Originally posted on Pirates Prospects  |  Last updated 8/27/12

Over the weekend, the Red Sox and the Dodgers completed the most expensive trade in baseball history as the Red Sox shipped Adrian Gonzalez, Carl Crawford, Josh Beckett, and Nick Punto’s approximate $287M of future contracts to the Dodgers for 4 prospects and James Loney.

The Red Sox are responsible for only $11M of that $287M (roughly 3.8% of the total) commitment.  In return, they get “financial flexibility” and rid themselves of problems in the clubhouse, especially in the case of Beckett.  By all accounts Crawford was a tireless worker that had the misfortune of being injured a good portion of his tenure.  Gonzalez just never seemed to handle/want the mantle of being a team leader and got run over for it in the Boston media.

The Dodgers got back pitchers Rubby de la Rosa and Allen Webster, infielder Ivan de Jesus, and 1B/OF Jerry Sands as the longer-term pieces.  De Jesus is most likely just a utility infielder and Sands appears to be a potential Quad A player that thrived in favorable hitting environments in the minors.  That leaves de la Rosa, coming off of Tommy John surgery, and Webster as the primary hopes for this trade from a talent standpoint.

Rubby de la Rosa has a blazing fastball and a full arsenal of pitches at his disposal, but control has always been his hinderance.  If all clicks and he responds from his surgery, he’s a #2 pitcher.  Webster has a more standard profile of a low 90′s/touch mid 90′s fastball, curve, and changeup.  Webster’s concern is his slight build and how it may affect his long-term durability as a starter.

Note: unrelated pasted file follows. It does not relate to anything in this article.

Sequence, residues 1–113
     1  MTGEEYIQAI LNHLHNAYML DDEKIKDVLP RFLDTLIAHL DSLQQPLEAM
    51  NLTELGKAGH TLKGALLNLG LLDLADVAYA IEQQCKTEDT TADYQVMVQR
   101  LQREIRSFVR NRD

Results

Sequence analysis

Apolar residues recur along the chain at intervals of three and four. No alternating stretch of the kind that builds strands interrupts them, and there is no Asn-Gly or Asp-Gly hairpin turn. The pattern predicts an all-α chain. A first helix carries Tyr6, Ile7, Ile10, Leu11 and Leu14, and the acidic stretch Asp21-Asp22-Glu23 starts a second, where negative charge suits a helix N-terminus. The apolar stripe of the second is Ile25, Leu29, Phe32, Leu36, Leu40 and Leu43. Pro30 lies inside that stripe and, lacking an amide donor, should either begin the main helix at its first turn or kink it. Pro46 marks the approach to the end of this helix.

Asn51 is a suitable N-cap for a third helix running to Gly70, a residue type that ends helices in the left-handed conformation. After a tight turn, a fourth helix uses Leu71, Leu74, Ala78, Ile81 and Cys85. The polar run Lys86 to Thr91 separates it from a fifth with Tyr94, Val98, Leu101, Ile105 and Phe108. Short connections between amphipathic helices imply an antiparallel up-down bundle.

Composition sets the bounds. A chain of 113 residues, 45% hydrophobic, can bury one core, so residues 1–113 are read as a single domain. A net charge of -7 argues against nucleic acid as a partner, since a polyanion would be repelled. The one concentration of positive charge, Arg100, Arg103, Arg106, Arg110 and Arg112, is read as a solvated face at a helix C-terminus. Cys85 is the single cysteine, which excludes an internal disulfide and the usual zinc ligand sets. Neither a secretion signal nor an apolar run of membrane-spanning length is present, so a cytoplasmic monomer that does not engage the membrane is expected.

The general discourse nationally about this trade is that the Dodgers are going nuts on spending (as I predicted in late June, but not envisioning to this extent) and that the Red Sox are cleaning up the bad deals done by Ben Cherington’s predecessor, Theo Epstein.  They are being lauded for getting out from under bad deals and infusing talent into a downtrending farm system.  Boston media is saying that these trades are refreshing and that building from within, not wildly spending on free agency, is how the top Red Sox from earlier this decade were built.

But if the Pirates offload bloated salaries or players that weren’t great in the clubhouse, each trade gets accused of a salary dump and open for dissection on whether the team “won” or “lost” each individual trade.  If the Pirates do it, they’re quitters.  If the Red Sox do it, they are wisely reloading their franchise.  When, or if, Webster and de la Rosa don’t live up to their prospect expectations, will the trade still be viewed favorably because it was done by the Red Sox and they were able to start the payroll slate clean?

I guess it’s all a matter of perspective.  And or market share and national clout.

Starting in the very near future, this blog will shift into a Baseball Business Blog that looks at economic issues and implications for the Pirates and other teams throughout MLB.  If you have any suggestions for articles, please leave them in the comments below.


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